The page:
USA on 14th September 1917. His age is given as 25, Race: English, Nationality: British, height: 5ft 2 inches and weighing 128 pounds (58 kilos). (Our Felix is not to be confused with another Felix Martin born in 1894 from the B.W.I. (British West Indies) who was a ‘Fireman’ crew member on ships sailing from Liverpool).   A ‘Trimmer’ on a coal-fired ship involves all coal handling tasks, starting with the loading of coal into the ship and ending with the delivery of the coal to the stoker or fireman.

                                                     

                                                         Trimmers loading coal

Maybe this unusual mode of travel getting to America in war time was the reason why he soon enlisted in the U.S. Army.

According to U.S Army Transport Service  Passenger Lists, 1910-1939: (Ancestry) Felix with service number R-218690 with rank of Private/Cook sailed from Hoboken, New Jersey USA on troop ship ‘Calamares’ on 25 November 1917 for Europe giving relative to be notified as M.B.MARTIN of 4 Victoria Road, Edmonton, London.

Felix marries for a second time in France.

Stéphanie MARTIN PETIT a Great Granddaughter has kindly provided a Marriage certificate of Felix MARTIN to Jeanne LOZACH indicating Felix was based in Brest (France) in a Caserne Fautras (a military building), and that he was a Naturalized American soldier in the U.S. Army and born in London on the 27th of August 1892, son of Benjamin MARTIN & Rose Saunders.


After the First World War had ended the American Government arranged for all their service men and families abroad to be repatriated back to the United States.

Felix’s wife Jeanne L MARTIN, described as a United States citizen, is shown sailing from Brest, France on the 10th August 1919 on ‘USS Agamemnon’ to New York arriving on 18th August 1919.  Husband Felix is shown as returning soldier on the same ship described on the U.S., Army Transport Service, Passenger Lists, 1910-1939 (Ancestry)  as on “Troop Ship” ‘Agamemnon’ from Brest, France to Hoboken, New Jersey with rank of Private/Cook giving address as 4 Victoria Road, Upper Edmonton and mother named as Rose.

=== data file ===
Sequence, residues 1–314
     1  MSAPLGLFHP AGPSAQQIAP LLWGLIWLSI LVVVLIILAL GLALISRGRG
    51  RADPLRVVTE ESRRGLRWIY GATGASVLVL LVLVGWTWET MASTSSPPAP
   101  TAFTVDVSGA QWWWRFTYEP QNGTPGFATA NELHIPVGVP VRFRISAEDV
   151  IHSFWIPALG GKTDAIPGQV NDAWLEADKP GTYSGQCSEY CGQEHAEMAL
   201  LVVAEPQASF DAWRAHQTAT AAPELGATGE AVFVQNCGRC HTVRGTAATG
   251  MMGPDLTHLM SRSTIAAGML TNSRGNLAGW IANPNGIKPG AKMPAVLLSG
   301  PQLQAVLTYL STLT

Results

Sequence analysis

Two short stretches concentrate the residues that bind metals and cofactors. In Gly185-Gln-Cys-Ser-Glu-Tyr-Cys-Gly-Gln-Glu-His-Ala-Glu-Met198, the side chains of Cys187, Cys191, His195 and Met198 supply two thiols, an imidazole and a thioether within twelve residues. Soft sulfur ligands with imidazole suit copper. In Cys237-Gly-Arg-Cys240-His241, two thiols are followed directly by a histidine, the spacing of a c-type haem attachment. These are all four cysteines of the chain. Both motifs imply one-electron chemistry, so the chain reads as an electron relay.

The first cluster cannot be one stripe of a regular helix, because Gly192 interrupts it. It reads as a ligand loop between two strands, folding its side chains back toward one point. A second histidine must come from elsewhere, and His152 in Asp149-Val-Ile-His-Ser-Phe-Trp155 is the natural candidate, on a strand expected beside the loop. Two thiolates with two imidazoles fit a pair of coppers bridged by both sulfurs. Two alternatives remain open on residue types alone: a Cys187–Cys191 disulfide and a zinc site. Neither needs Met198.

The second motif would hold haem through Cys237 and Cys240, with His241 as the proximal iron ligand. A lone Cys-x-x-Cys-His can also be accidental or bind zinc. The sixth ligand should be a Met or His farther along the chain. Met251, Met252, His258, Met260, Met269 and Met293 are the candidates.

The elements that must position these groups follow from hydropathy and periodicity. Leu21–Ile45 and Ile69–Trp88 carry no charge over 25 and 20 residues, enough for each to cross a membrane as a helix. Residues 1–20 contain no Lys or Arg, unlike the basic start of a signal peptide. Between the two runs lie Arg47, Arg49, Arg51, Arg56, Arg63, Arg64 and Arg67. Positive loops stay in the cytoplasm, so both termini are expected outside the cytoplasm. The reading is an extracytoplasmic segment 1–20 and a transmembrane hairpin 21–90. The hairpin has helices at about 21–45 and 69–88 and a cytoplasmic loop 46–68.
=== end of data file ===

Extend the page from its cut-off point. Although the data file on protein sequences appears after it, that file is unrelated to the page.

USS Agamemnon'

In mid-December 1918, just over a month after the Armistice ended the fighting, ‘USS Agamemnon’ (formally the captured German ship ‘S.S. Kaiser Wilhelm II’) began to bring Americans home from France. She made nine voyages between then and August 1919, carrying nearly 42,000 service personnel, some four thousand more than she had transported overseas during wartime.
‘USS Agamemnon’ was decommissioned in late August and turned over to the War Department for further use as a U.S. Army Transport. 

Felix MARTIN’s U.S. Army records show a transfer from Fort Slocum N.Y. to Panama Canal Department on 28 November 1923 prior to being demobbed.
Felix received  an ex service man’s pension  and his U.S. Army Veteran address for pension payments is given as 7 Carrefour, St Antoine Chesney, (Seine et Oise), Versailles, France.

                                           

                                                                                U.S. Pension details                                                                   7 Carrefour, St Antoine Chesney

On 27th September 1923, Felix sailed alone from Cherbourg, France on ‘SS America’ to New York, giving wife as J L Martin with the same residence address in Versailles, France with occupation as Cook. He is described as a 'Alien' on arrival. Why he did not declare he was an American citizen (by way of his previous U.S. Army service) is unknown.

Their Daughter Jacqueline MARTIN was born 2nd August 1925 in 42 Rue Carnot, Versailles, France.

 

                                  Birth & Death Certificate

Translation of Jacqueline's birth certificate:
"On Sunday 2nd of August 1925 at 7.00am is born, rue Richaud in Versailles, Jacqueline, female, daughter of Felix Martin, cook, born in London (England) on August 27th 1892, and Jeanne Yvonne Lozac'h, his wife, housekeeper, born in Lambezellec  (Finistère), on the 2nd of March 1900, housed in Versailles, number 42 of rue Carnot. Done on the 3rd of august 1925 at noon, declared by Louis Quévenard, 78 years old, leather currier, housed in Versailles, rue Richaud and signed by Emile Druyer, civil official. - (on the left side of the certificate).  Died in Saint Herblain (Loire-Atlantique) on January 21st 2007."